University of Alabama at Birmingham Heart Lab selects PV-WAVE as data visualisation solution

Boulder 08 November 2001 The University of Alabama at Birmingham's Cardiac Rhythm Management Laboratory (CRML) has selected PV-WAVE, developed by Visual Numerics Inc., a developer of data visualisation, numerical analysis and enterprise software solutions, as its data visualisation software. Financial terms of the contract were not disclosed.

The CRML is a state-of-the-art 15,000 square-foot research facility that houses an interdisciplinary team of biomedical engineers, electrophysiologists, physicians and veterinarians. Each year, approximately 400,000 people in North America die of cardiac arrhythmias. CRML research seeks to understand the formation, maintenance and termination of life-threatening cardiac arrhythmias with the goal of improving treatment strategies.

CRML's primary objective is to investigate the causes and potential treatments of cardiac arrhythmias. To accomplish this objective, CRML researchers obtain large amounts of electrophysiologic data from various modalities, or data sources.

Among others, these data sources include a 528-channel electrical mapping system, an optical mapping system using CCD cameras, and cardiac MRI. Analysing and visualising this data requires significant image and signal processing techniques, coupled with advanced graphical capabilities. According to R. Kyle Justice, a CRML programmer/analyst: "We needed a software package that would facilitate both qualitative and quantitative understanding of the mechanisms of arrhythmias. We needed powerful software that combined advanced visualisation tools with heavy-duty number-crunching functionality."

CRML's search for a data visualisation solution led them to PV-WAVE, the flagship product from Visual Numerics Inc. PV-WAVE is an open environment for developing and deploying Visual Data Analysis (VDA) applications that help customers turn raw data into meaningful information. These VDA applications let users visualise and manipulate complex or very large data sets to detect and display patterns, trends, anomalies, and other vital information.

PV-WAVE includes hundreds of mathematical and statistical analysis routines from Visual Numerics? IMSL Numerical Libraries, as well as image processing, signal processing, mapping, and general data manipulation features. Engineers, scientists, business analysts, and software developers access this robust and extensive set of functions through an array-oriented programming language. PV-WAVE also includes advanced graphical user interface development tools that facilitate the construction of intuitive front-ends, making the product's functionality easily accessible to others in an organisation.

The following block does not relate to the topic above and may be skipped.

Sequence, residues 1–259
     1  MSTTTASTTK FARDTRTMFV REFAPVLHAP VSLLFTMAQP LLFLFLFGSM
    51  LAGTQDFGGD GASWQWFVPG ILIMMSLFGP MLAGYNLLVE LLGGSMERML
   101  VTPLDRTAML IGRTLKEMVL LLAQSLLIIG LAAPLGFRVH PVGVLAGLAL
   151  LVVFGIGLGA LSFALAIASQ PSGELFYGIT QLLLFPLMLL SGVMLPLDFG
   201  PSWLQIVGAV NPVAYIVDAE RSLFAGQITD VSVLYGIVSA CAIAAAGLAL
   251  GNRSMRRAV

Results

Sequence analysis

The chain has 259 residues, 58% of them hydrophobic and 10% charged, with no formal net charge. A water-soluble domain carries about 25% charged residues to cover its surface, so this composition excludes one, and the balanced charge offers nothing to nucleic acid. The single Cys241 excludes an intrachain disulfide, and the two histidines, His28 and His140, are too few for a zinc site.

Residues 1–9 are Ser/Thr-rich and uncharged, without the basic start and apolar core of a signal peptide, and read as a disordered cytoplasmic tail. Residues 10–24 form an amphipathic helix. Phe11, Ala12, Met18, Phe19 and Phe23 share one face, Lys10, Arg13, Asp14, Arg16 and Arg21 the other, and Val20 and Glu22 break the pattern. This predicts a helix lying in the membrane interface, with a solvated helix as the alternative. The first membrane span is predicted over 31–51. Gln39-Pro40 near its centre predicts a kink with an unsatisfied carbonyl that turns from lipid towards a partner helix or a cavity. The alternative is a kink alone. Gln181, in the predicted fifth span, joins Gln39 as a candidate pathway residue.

Mr. Justice cites increased productivity as the leading benefit of using PV-WAVE. "It significantly reduces our development time, which makes everyone more productive", Mr. Justice said. "We rarely have exact specifications for a particular piece of software that we need. The software tends to grow right along with the research. PV-WAVE is perfect for this interactive, dynamic process because of its flexible programming environment. We need everything from small and large-scale applications to "on the fly" command-line programming. And from time to time, we need to call external C programmes, which is a snap with PV-WAVE."

In addition to PV-WAVE's flexibility, Mr. Justice also likes the software's ease-of-use and cross-platform portability. "GUI-development is quite easy using the built-in Wave Widgets", he said. "In addition, the cross-platform compatibility of PV-WAVE makes life a lot easier for us. We have Sun and SGI workstations as well as PCs running Linux and Windows. Our programmes run seamlessly on all of these platforms 99 percent of the time."

Mr. Justice added that he is "excited" about the new VTK capabilities available in PV-WAVE 7.5, the latest version of the software released in August 2001. The Visualisation ToolKit (VTK) is an open source, freely available software system developed by Clifton Park, New York-based Kitware Inc., that provides 3D graphics, image processing, and advanced visualisation techniques using OpenGL.

Included in PV-WAVE 7.5 are more than two dozen new functions that allow access to Kitware's VTK, both at a high-level for ease-of-use, and through low-level routines that facilitate the creation of more complex, specialised visualisations. With the 7.5 release, PV-WAVE will provide the high-level 3D interactive visualisation techniques commonly associated with OpenGL without burdening its users with having to learn hundreds of low-level commands. The integration of VTK into PV-WAVE provides the optimum solution. PV-WAVE users are now able to produce accelerated graphics in their applications without having to learn a new programming paradigm or understand the intricacies of OpenGL.

PV-WAVE is available for many popular operating systems: Windows 98, Windows 2000/NT, Unix (Sun, HP, SGI, Compaq & IBM), and Linux. Windows and Linux pricing starts at $1,795. Unix pricing starts at $3,995.

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